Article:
Here are some facts about Thanksgiving that are darker than the turkey’s dark meat, and more alarming than your aunt’s green gelatin casserole.
Be Glad You’re Eating Turkey
We often think of the Pilgrims as the inventors of Thanksgiving. And while they certainly popularized the idea with a feast with Native Americans in 1621 in what’s now Massachusetts, they weren’t the first European settlers to count their blessings with a large harvest meal. Beginning in the 1610s, colonists in Jamestown, Virginia, had their own celebrations that combined prayer and food. They were very thankful that year, seeing as how the winter of 1609 had been so harsh, and the colonists had been so unprepared, that they had to resort to eating horses, their shoes, rats…and other colonists that had already died.
Our modern celebration of Thanksgiving developed as a regional holiday in New England (because of the history of the Pilgrims there). It spread throughout the nation by the 1850s, but when the Civil War seemed inevitable by the 1860s, some of the most staunchly pro-slavery states in the South refused to celebrate it. Why? Because it was a distinctly “Northern” holiday. Part of the reason why President Abraham Lincoln made it an official national holiday in 1863 was an attempt to unite the fractured nation.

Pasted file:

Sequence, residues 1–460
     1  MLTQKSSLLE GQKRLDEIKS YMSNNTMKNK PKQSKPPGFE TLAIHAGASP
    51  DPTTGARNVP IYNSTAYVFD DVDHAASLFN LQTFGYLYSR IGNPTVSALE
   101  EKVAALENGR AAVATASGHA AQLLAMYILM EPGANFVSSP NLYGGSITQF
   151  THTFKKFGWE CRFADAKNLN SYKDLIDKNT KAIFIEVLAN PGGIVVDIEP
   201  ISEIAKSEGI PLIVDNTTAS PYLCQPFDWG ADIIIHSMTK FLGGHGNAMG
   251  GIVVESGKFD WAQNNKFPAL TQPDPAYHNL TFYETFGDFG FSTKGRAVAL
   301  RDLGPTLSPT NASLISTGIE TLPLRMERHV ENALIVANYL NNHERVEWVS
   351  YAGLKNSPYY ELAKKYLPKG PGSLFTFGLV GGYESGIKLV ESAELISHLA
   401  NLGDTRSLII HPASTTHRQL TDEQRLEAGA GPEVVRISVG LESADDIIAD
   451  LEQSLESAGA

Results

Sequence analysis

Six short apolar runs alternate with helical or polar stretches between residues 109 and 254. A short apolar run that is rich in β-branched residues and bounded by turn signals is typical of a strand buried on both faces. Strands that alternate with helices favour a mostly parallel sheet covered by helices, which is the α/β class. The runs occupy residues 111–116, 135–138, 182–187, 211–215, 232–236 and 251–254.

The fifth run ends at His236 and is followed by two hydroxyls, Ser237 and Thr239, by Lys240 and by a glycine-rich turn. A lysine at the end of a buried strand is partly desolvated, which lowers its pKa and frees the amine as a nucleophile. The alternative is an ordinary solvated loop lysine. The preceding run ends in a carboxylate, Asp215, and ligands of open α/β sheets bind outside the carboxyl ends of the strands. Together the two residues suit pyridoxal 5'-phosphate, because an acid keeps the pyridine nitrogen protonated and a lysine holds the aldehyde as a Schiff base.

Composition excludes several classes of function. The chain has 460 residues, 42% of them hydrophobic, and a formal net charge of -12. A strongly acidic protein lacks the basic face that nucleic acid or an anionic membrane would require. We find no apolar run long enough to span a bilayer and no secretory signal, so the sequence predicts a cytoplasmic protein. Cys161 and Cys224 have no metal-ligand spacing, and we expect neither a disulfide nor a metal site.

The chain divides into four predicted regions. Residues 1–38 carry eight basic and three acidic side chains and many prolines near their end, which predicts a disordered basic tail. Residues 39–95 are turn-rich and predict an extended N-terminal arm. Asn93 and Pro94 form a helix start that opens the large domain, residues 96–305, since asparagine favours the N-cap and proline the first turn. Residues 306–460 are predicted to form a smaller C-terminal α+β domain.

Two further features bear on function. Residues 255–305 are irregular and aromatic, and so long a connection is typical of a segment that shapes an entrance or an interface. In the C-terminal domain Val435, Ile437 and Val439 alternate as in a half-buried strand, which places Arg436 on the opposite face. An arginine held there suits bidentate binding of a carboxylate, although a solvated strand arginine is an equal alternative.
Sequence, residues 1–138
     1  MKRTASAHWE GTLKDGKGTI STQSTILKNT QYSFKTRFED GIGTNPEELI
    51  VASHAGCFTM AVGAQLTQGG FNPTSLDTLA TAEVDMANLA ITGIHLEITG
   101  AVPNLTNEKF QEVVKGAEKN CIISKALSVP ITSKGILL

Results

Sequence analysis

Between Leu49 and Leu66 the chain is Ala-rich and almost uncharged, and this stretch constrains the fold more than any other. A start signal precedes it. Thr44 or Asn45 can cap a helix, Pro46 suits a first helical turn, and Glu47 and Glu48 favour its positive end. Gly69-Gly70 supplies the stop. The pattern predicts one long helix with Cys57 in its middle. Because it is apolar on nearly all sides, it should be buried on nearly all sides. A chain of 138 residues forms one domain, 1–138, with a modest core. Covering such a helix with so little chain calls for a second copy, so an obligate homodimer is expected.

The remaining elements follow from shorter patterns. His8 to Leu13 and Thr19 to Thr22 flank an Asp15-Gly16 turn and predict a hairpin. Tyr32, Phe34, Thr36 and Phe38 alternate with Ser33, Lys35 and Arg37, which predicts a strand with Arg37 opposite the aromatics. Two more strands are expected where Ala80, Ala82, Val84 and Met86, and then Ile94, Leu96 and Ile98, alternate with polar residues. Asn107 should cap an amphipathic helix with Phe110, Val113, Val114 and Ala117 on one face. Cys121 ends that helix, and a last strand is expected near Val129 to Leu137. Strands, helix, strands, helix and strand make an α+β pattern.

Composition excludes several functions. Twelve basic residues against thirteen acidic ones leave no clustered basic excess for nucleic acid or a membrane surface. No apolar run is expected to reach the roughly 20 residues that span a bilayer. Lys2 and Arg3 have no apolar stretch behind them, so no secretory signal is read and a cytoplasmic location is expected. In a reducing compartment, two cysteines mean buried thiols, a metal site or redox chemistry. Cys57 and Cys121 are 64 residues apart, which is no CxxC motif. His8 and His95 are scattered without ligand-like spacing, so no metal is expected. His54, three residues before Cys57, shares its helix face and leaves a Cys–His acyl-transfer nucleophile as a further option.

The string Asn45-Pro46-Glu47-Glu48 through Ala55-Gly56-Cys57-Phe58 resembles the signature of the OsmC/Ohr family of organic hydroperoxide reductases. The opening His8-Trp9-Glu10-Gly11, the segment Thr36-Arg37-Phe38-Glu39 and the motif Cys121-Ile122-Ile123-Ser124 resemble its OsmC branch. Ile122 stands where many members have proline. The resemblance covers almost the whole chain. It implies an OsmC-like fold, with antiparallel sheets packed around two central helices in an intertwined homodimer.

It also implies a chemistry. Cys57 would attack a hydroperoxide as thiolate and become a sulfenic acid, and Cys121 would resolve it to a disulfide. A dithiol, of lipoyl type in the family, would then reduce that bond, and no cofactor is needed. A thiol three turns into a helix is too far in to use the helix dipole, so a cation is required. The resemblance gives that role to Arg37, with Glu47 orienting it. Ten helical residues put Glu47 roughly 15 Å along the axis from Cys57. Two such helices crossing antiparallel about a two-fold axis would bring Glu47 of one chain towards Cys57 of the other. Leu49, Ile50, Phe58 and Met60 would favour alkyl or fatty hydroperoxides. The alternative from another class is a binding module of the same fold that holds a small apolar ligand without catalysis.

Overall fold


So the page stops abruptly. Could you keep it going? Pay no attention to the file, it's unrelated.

Same Turkey, Different Day
When Lincoln decreed Thanksgiving an official thing, he set it to occur on the fourth Thursday of November. But then in 1939, President Franklin Roosevelt decided to change the day — he moved Thanksgiving to the third Thursday in November. Why? Like a lot of his Depression-era policies, it was an attempt to jump-start the economy. An extra week between Thanksgiving and Christmas made the holiday shopping season that much longer. However, for two years, 16 states refused to change and held Thanksgiving on the old date, with some public officials derisively labeling the newer, earlier date “Franksgiving” after the president.